More than 12 million people have benefitted from the work of Nazarene Compassionate Ministries (NCM) in Africa, the NCM coordinator in Africa told attendees of an on-campus social justice conference.
Rev. Cosmos Mutowa, the coordinator for NCM in Africa and a Global Missionary with the Church of the Nazarene, spoke at Trevecca’s Justice and Compassion Conference on current needs and the response of the Nazarene church.
Mutowa discussed the responsibility of Christians to be Christ-like in their empathy and question the dichotomy of self-serving sanctification.
Mutowa provided an overview of NCM’s specific approach to various issues including AIDS prevention and care, disaster relief, and child development.
“Give a man a fish you feed him for a day. Teach him to fish and you feed him for a lifetime,” said Mutowa, quoting the well known adage. “We strive for self-sustainability.”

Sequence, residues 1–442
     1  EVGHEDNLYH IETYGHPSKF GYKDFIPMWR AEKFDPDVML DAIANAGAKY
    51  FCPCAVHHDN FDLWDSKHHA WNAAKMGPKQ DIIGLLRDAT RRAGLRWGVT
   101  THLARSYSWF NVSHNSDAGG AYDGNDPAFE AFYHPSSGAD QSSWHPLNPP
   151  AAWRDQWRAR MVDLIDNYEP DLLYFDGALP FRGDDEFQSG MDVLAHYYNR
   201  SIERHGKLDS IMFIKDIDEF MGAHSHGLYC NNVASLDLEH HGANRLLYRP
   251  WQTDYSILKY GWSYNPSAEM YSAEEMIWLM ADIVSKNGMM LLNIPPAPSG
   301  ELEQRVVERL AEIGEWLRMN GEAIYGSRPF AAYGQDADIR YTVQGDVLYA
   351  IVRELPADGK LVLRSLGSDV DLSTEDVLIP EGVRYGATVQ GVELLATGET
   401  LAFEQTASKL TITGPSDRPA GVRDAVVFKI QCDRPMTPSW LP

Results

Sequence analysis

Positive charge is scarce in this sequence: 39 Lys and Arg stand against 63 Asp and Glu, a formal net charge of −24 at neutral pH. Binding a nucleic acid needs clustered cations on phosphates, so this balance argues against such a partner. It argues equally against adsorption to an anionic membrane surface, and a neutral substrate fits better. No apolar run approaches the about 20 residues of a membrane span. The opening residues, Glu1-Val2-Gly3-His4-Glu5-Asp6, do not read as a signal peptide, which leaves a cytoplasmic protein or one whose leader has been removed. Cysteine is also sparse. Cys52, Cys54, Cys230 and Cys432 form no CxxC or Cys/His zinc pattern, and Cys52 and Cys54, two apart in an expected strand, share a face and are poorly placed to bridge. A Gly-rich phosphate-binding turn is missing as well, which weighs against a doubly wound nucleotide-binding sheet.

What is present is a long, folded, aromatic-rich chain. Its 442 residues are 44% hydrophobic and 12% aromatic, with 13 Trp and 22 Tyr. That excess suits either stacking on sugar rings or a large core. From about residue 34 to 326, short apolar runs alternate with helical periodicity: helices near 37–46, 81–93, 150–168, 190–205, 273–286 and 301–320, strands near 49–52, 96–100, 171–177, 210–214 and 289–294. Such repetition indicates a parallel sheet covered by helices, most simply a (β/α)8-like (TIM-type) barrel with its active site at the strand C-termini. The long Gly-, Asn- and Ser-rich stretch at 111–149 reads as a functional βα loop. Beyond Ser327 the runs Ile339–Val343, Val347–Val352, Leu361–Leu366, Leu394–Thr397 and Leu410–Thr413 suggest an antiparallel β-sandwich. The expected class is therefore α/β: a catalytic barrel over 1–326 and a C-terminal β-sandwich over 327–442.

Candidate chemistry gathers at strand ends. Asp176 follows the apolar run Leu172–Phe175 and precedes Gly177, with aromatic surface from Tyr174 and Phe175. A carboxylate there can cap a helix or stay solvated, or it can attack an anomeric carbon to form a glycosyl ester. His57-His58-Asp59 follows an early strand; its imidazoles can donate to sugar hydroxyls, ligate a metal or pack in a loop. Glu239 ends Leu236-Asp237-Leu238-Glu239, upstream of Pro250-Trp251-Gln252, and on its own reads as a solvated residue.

Mutowa hopes to build bridges between people, between people and the environment and between people and God, creating a strong support system that leads to healthy independence.
The undercurrent throughout the talk was one of encouragement. Primarily, encouragement for those who care about the plights of injustice and wonder how the Church of the Nazarene is contributing to crises around the world in a Godly and life-giving way.
“The Church of The Nazarene has been committed to raising up leaders throughout the world but not being colonialist about it,” said Dr. Tim Gaines, assistant professor of Religion. “There is an African leading African ministries and that often does not happen.”
Advancing the global nature of the church is no small feat, and despite the ever-present challenges of injustice, Mutowa’s ministry is founded on a central idea.
“We want to love and value people,” said Mutowa. “ We want to love and value them the way God loves and values them.”